Part 1: Has Your “Paint Job” Lost Its Luster & Shine?
The Integumentary System
Comparing the human body to a machine is like comparing G-d to the internet in that no matter how sophisticated and complicated a machine or the world-wide web may become, these man-made inventions will always fall short of the real thing. Utilizing analogies and metaphors allows us to understand a new and less familiar concept by relating it to a subject with which we are already familiar, however, it would be an oversimplification to say that any single organ in the human body has only one function—the liver alone, for instance, performs over 500 crucial functions!
So with that disclaimer being made, I am about to share with you what I believe to be a novel concept about the body—a concept that I hope will bring a new understanding to my readers about not only the anatomy and physiology of the Human Machine—but also about how the automobile works. Pay attention, ladies, and you will be able to “wow” the men in your life with this new-found knowledge! Over the next several months, I will be sharing excerpts from the new eBook that I am writing called Under the Hood. My desire is to provide a relevant analogy between the human body and the automobile that will speak to both men and women who read my blog. And if it does in fact “speak to you,” I hope you will order a copy of my complete work and tell others about it as well!
We will begin our tour of the Human Machine from the outside and work our way inward, beginning with the integumentary system or skin, which is the organ system that protects the body from various kinds of damage, such as loss of water or abrasion from outside.(1) Its various functions are:
To waterproof, cushion, and protect the deeper tissues,
To excrete wastes,
To regulate temperature, and
To be the attachment site for sensory receptors to detect pain, sensation, pressure, and temperature.(2)
Thank G-d for temperature-controlled vehicles! The first automobiles lacked an enclosed compartment for passengers leaving not only the passengers, but the interior of the car, exposed to the elements. Rain, snow and intense sunlight penetrated the interior and sped the process of deterioration. Without hair, skin and nails, our internal organs would be unprotected from exposure to the elements, dehydration, pathogens, and physical damage. Additionally, this bodily system functions like the radiator in a car, which circulates water or coolant around the engine to prevent overheating. The sweat glands within our integument or skin cool our bodies through evaporation, and the sweat carries away toxins with it as well. In fact, the skin is often referred to as the “third kidney” due to its eliminative function within the human machine. The multiple layers of our integument also help to keep us warm and insulated from the cold through a layer of fat as well as through the process of shivering. When we shiver, our “computer system” or brain (hypothalamus) triggers the “accelerator” or thyroid to narrow pores on our skin, ensuring that the heat is conserved within our body.(3) Just another example of how far short any man-made machine falls from the perfection of the human body! What car has the ability to regulate temperature by regulating the size of pores in the paint surface?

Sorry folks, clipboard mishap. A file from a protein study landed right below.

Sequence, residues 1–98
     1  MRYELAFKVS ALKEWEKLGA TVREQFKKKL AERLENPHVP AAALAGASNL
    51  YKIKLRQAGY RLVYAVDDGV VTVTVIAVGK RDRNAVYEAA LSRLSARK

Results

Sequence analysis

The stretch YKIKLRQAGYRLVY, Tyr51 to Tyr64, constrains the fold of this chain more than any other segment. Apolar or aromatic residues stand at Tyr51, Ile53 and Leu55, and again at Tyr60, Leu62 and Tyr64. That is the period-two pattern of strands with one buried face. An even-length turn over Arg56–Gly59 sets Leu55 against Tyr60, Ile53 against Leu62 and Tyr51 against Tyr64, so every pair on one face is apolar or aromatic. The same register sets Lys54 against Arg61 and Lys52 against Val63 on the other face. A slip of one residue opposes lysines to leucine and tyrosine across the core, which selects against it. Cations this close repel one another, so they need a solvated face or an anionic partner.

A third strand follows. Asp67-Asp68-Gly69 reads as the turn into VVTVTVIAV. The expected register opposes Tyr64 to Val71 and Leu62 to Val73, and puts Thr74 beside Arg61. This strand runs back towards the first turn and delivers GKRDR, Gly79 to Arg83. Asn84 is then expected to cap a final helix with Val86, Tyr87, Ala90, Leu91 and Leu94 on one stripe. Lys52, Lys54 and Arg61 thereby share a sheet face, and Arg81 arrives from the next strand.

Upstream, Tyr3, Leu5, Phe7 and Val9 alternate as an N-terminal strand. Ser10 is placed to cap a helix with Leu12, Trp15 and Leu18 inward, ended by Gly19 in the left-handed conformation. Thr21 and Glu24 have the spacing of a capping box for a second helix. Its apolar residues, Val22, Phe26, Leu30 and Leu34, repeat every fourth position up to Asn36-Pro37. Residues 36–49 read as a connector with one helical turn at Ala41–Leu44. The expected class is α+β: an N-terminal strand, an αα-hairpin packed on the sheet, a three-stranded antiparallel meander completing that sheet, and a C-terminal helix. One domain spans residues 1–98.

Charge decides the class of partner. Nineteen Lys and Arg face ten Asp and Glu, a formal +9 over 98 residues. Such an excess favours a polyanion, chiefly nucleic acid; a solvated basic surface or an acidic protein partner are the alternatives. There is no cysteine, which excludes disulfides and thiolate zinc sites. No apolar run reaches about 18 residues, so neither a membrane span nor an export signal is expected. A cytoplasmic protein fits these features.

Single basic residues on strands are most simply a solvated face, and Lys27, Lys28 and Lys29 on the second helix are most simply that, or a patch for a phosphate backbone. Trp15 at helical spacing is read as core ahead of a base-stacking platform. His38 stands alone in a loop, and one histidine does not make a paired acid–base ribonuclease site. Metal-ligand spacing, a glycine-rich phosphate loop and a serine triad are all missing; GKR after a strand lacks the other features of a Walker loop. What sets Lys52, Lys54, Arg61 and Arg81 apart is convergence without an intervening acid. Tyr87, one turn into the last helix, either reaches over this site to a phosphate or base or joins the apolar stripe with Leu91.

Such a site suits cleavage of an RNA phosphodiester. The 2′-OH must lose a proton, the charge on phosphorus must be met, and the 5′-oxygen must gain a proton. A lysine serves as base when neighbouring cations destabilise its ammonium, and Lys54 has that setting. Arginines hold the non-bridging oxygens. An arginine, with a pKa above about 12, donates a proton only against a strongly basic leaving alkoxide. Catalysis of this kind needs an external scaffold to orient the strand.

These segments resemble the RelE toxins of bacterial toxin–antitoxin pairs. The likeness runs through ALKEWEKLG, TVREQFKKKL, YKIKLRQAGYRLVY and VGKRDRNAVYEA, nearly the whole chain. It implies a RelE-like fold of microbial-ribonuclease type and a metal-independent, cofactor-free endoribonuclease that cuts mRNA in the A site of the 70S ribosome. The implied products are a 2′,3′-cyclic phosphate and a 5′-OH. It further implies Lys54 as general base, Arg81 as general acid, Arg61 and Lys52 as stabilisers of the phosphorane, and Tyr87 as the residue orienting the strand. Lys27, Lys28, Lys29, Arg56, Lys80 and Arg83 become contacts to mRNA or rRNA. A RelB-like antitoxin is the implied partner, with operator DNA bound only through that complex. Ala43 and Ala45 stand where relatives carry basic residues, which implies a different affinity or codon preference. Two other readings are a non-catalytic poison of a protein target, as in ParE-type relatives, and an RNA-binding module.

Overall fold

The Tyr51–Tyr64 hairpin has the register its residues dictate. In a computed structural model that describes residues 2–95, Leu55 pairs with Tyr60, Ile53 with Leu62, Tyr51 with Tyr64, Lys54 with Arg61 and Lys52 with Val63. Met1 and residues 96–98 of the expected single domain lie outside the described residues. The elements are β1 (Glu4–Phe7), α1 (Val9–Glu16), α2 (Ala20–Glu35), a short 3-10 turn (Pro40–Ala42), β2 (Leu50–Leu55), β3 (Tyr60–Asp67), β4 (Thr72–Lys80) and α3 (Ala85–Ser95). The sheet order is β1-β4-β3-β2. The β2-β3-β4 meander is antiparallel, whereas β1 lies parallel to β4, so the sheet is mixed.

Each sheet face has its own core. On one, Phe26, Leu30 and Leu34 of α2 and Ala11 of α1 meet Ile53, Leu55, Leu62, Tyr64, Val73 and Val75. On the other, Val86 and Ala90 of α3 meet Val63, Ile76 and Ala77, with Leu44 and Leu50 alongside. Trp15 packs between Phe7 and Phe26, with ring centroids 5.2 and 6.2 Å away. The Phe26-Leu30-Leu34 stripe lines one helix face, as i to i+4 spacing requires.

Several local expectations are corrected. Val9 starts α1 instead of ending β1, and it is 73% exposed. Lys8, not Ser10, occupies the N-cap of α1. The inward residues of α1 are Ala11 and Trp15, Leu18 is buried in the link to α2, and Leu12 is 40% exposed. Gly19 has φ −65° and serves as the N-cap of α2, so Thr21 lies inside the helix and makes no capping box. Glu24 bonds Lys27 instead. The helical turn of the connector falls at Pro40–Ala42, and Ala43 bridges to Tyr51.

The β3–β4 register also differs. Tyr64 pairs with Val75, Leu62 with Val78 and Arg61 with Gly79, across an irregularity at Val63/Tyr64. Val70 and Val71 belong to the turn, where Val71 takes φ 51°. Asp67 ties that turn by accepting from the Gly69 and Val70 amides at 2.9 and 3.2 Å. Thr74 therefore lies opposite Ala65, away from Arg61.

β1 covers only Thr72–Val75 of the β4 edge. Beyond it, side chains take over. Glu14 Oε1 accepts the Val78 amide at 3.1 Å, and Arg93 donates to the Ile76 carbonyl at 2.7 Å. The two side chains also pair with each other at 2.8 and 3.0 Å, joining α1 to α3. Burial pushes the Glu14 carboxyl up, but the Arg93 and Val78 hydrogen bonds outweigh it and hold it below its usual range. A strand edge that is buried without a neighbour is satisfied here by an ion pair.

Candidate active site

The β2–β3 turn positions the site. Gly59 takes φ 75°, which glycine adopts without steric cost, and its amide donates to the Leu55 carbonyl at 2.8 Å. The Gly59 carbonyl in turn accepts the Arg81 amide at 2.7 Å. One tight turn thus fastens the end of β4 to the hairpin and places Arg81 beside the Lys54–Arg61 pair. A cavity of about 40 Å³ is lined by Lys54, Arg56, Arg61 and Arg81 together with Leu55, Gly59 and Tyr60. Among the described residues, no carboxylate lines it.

Has your “paint job” lost its luster & shine? Although aging is an inevitable process and we may not have that race car exterior that we once sported, we can affect the rate at which we age by regular and consistent maintenance of our Human Machines. Every paint job is unique and can be likened to not only skin color and tone but also is an external reflection of what is going on below the surface. Rust on the body of a car will eventually show up on the paint job in the form of bubbling, chipping, and peeling. The same is true of our skin; thyroid dysfunction or toxic buildup in the liver, colon and other internal organs will show up on the skin in the form of rashes, acne, infections and disease. Long before we manifest these irritating and unsightly symptoms, our internal organs become polluted, congested and weakened. Preventing “rust damage” to our Human Machines requires a clean diet and regular cleansing, which will contribute to optimum organ function.
Oxidation of the paint job on an automobile can also lead to rust and decay. Parking in a shaded or protected location, as well as regular washing and waxing protects the painted surfaces of our vehicles. In the same way, reasonable amounts of sun exposure are good for our skin, as sunlight is necessary for the production and synthesis of Vitamin D, which is essential for strong bones and muscles, as well as for cancer prevention; however, over-exposure leads to excess oxidation in the Human Machine as well. This is referred to as oxidative stress or free-radical damage, which creates an environment for disease. (UPDATE: the production of free radicals is a normal process within the body, necessary for health-- yes, free radicals actually fight disease! Read more in my blog series entitled "The Devil's Advocate.") We can “wash” and “wax” our bodies from the inside out through:
Drinking plenty of water—holistic health experts agree that drinking ½ your body weight in ounces of pure water (I include clear liquids such as herbal teas in this number) every day is necessary for optimum health.
For more about keeping your human machine running smoothly, read my blogs on The Chemistry of Nutrition.
Ready for a "wash & wax?" Start from the inside out:
Click Hereto download a FREE eResource on the principles of cleansing and detox.
L'chaim-- To Life!
3 Know Your Body: The Atlas of Anatomy, Introduced by Emmett B. Keefe, M.D., Stanford University Medical Center, Ulysses Press: 1999.